The Student Government Association unanimously passed two gender-inclusive policy bills at its Dec. 1 meeting: one to design an LGBTQ Studies minor and another to implement a gender-neutral housing option for as many residence halls as possible.
Ithaca College was ranked among the Top 50 LGBT-friendly campuses in the U.S. by Campus Pride this year, but Kyle James, SGA vice president of communications and sponsor of the LGBTQ Studies minor bill, said the college would still benefit from establishing the minor program.
“If we’re going to be a leader in LGBTQ topics, that needs to happen now,” James said. “Other colleges have majors, minors, grad programs in LGBTQ studies. IC doesn’t even have a minor. It makes no sense.”
The LGBTQ Studies minor would be in the women’s and gender studies program, but separate from the women’s and gender studies minor, James said.
James said the minor would require an intro course, capstone course and four or five other courses that pertain to the minor. So far, James has compiled a list of 40 to 50 courses that involve LGBT topics, many of which would fulfill the ICC diversity credit, he said.
Bruce Henderson, professor in the Department of Communications Studies, said he offered to make Queer Studies, WGST 22000, the intro course for the minor.
“Having a minor in queer studies is a way for the college … to teach that the lives and experiences of queer people matter,” Henderson said. “Having a minor allows students to have an extended, continuous exploration of the subject matter and it gives it a shape.”
Last semester, the Queer Studies course originally had 15 slots, which filled within 48 hours, Henderson said. After he decided to increase the seat capacity to 25, the course filled up again within another 48 hours with six additional students overriding into the course, Henderson said. He said the large class size required him to request a new room from the Office of the Registrar to not break fire code.
Another gender-inclusive action was the passing of the gender-neutral housing bill. The bill says students of opposite genders should be permitted to live together by ticking a checkbox in their online housing profile, Aaron Lipford, SGA vice president of campus affairs and co-sponsor of the bill, said.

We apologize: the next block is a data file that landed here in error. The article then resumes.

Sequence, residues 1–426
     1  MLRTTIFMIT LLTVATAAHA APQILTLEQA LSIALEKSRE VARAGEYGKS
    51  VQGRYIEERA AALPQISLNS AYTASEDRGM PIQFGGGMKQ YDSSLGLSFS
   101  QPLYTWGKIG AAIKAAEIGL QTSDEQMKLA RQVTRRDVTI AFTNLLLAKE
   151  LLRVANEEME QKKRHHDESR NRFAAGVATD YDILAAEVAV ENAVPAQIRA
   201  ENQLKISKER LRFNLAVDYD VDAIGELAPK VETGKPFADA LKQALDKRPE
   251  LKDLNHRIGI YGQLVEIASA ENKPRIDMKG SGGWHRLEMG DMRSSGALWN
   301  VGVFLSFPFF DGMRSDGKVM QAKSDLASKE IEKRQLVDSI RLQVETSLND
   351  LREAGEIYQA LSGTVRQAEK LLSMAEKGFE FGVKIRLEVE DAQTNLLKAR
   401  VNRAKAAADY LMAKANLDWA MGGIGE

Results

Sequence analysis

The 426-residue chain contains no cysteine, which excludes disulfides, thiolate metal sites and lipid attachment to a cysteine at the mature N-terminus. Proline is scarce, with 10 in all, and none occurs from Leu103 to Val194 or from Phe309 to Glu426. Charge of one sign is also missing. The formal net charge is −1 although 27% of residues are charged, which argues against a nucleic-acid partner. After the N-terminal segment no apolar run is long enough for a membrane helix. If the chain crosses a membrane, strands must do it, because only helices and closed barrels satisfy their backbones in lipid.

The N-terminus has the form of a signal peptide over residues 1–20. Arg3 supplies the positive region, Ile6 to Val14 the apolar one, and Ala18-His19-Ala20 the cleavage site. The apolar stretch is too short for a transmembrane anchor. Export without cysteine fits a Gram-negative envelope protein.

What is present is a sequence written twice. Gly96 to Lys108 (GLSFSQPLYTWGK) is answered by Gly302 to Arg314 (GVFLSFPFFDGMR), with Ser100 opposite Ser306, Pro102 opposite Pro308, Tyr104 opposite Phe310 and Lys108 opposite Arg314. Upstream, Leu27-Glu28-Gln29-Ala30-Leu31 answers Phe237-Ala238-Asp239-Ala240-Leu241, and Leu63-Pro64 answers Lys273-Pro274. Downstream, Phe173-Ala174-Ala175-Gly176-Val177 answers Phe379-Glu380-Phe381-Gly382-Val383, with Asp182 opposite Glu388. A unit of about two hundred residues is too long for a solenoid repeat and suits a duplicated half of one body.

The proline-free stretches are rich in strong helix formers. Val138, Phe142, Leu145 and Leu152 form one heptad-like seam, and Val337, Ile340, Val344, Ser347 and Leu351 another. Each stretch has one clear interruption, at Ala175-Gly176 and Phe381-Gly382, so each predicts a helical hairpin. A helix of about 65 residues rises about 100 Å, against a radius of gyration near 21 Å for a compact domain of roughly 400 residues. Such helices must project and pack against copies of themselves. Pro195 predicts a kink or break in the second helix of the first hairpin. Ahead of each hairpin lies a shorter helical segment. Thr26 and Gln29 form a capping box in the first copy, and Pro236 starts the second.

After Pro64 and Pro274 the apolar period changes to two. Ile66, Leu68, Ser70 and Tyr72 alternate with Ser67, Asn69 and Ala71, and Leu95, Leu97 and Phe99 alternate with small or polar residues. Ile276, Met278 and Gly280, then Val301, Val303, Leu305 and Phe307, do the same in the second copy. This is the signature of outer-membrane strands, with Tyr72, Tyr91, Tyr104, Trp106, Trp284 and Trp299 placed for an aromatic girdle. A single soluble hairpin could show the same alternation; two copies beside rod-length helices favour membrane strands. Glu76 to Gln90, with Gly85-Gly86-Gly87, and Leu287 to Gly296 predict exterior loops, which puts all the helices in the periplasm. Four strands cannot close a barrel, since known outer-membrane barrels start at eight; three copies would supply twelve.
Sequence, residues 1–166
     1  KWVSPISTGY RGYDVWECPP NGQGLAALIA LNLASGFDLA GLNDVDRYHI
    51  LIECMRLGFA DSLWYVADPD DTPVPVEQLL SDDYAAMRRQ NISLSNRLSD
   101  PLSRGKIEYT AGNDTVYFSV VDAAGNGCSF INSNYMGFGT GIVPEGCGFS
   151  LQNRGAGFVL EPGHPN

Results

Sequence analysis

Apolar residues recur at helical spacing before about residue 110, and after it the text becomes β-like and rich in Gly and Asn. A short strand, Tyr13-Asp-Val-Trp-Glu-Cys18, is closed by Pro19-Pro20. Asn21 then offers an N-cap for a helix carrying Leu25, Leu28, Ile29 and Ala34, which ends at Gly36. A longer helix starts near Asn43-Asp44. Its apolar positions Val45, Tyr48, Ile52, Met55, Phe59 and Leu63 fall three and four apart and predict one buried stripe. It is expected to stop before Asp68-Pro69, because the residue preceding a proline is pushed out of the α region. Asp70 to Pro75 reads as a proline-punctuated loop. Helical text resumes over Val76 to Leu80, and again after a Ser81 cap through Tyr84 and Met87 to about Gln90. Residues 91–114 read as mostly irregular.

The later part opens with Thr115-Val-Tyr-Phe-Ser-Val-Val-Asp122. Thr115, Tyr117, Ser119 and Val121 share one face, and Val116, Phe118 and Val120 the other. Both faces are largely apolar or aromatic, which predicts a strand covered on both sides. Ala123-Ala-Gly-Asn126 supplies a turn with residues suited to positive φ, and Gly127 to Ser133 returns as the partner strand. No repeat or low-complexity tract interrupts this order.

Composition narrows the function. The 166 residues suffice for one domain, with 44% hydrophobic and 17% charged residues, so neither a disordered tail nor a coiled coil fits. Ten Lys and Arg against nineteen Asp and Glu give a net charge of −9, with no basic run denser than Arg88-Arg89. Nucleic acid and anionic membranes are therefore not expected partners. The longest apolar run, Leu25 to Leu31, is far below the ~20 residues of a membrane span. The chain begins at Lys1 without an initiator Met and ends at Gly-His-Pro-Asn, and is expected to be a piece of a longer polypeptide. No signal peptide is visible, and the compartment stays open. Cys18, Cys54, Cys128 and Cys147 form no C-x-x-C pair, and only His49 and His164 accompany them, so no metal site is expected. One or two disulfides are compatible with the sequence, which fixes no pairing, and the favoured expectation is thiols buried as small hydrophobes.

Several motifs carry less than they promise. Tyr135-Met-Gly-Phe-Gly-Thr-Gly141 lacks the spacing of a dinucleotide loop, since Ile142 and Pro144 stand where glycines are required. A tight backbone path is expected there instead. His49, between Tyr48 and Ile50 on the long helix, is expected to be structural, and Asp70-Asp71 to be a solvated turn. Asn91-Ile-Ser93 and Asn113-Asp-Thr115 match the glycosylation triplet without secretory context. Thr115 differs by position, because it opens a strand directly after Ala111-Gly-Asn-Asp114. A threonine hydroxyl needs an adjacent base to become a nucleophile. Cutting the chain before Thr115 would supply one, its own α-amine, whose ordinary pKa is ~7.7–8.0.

Burns first introduced the bill to the Residence Hall Association, and then Lipford co-sponsored the bill when they proposed it to the SGA.
Currently, floors in the Terraces are coed and alternate gender by room. Upon implementing the bill through the Office of Residential Life, students of any gender could live together in one room even if the surrounding rooms are not gender-neutral.
The intention is for students to be able to have this option anywhere on campus, but the Quads and Towers may not be compatible because the male and female bathrooms are on opposite sides of each Quad residential hall, or different floors in the Towers, Burns said.
Terraces already has gender-neutral bathrooms, Connor McNeish, Lipford’s assistant, said.
In 2008, students proposed a gender-neutral residence floor to Residential Life, but Lipford said it was not implemented. He said having only one gender-neutral floor would have isolated those students instead of being inclusive throughout campus residence halls.
As previously reported by The Ithacan on Sept. 12, 2013, Bonnie Prunty, director of residential life, said each year the program didn’t garner enough students willing to live on the specific floor.
“We had picked a location in the quads that we were going to offer as gender-neutral housing,” Prunty said. “We needed a certain number of returning students to be willing to select that as a housing option, knowing that fewer new students would probably be comfortable in that arrangement. We have new students who don’t even want to live in coed-by-door housing.”
One senator asked what might happen if a student did not feel comfortable living next to a gender-neutral room, to which SGA President Crystal Kayiza said inclusivity should be a priority.
“The point of ResLife is to have people of multiple identities living together in one hall,” Kayiza said.